Back in the early part of this decade, an investment strategy called Dogs of The Dow was popular. Part of the popularity was due to its beating the overall Dow index handily and the other part of the popularity was the simplicity of the whole idea- an investor just invested in the 10 highest yielding stocks in the 30 that make up the Dow Jones Industrial Average.
I wrote about the dogs of the dow back this summer, concluding that picking the 10 highest yielding stocks in the S&P 500 would be the more prudent play, considering there’s 500 to choose from instead of 30. In fact, someone has been doing that on Marketocracy for the past 5 years and is outperforming the market.
The problem with that strategy for Canadian investors is the currency risk involved when we invest in American securities. When our dollar appreciates against it’s American counterpart investment returns are hurt. Long term investors may choose to ignore currency swings entirely, knowing they’ll even out long term. Other investors may choose to buy more American stocks when the Canadian dollar is high (and the American Greenback is subsequently low, implying a good entry point).
Other investors may choose to ignore the U.S. completely and invest totally within Canada. While this may not be prudent from a global diversification standpoint, it does make the currency issue go away.
For these investors, an interesting strategy may be to purchase the dogs of the TSX Composite index. The investor is picking up stocks with very attractive yields and doesn’t have to worry about currency fluctuations.
When I ran a screen for the TSX composite, it turns out that all of the highest 25 yielding corporations are either income trusts or former trusts. This limits diversification drastically, as well as limiting us to only companies that are mature and slow growing- at least in theory anyway.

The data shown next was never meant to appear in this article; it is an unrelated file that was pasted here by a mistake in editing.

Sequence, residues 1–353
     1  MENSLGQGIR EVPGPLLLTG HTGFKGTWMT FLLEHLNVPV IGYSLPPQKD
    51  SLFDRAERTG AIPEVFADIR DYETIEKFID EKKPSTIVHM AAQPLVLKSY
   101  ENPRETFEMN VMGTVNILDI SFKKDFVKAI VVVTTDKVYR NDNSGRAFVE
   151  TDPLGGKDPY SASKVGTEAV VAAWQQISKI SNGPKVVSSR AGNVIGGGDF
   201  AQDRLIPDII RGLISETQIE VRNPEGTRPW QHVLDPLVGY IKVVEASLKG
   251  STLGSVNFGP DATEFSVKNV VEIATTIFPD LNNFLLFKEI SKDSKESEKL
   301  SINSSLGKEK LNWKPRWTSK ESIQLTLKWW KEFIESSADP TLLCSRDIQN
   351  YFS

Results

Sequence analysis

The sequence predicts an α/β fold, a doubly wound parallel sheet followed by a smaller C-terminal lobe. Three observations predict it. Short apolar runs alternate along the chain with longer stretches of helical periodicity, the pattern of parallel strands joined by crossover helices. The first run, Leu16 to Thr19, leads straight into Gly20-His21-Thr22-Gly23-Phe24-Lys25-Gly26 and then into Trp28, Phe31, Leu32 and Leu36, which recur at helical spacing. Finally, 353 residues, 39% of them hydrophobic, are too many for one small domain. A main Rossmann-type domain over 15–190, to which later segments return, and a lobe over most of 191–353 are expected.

To make this exercise a little more realistic, let’s limit our search to the TSX 60. Yes, there will be income trusts and former trusts in the list, however we’re assured they’re the biggest of the sector, giving us at least a perception of safety.
Which companies would be included in this year’s dogs? Consider the following:
Company Name Ticker Price Yield
Cdn. Oil Sands COS.UN 26.60 7.50%
Transalta Corp TA 21.21 5.50%
BCE Inc. BCE 35.30 5.20%
Bank of Montreal BMO 57.66 4.90%
Arc Energy Trust AET.UN 25.67 4.70%
IGM Financial IGM 43.38 4.70%
Sun Life Financial SLF 30.34 4.70%
Great West Life GWO 26.57 4.60%
Power Financial PWF 30.66 4.60%
Telus T 45.50 4.60%
Average Yield 5.10%
Take a look at that table. What does it tell you, besides that I can’t draw a decent table on WordPress?
First of all, there’s a lack of diversification. The 10 stocks are in just 3 sectors- energy, telecoms and financials. That’s not really what we’re looking for.
Secondly, I’m not very impressed with the names. I bet if an investor would have done this exercise 5 years ago they would have come up with similar results. This either means that the stocks haven’t performed that well or that there’s a lack of selection, both true in this case.
The bottom line is I’m not terribly impressed with the dogs of anything investment strategy. If I was forced to pick a favorite I would pick the S&P 500 as the index to pick the dogs from, after all it does offer the biggest selection. What investors should really do is some research into some of the higher yielding stocks and try to figure out which ones look compelling long term, no matter what their investment strategy.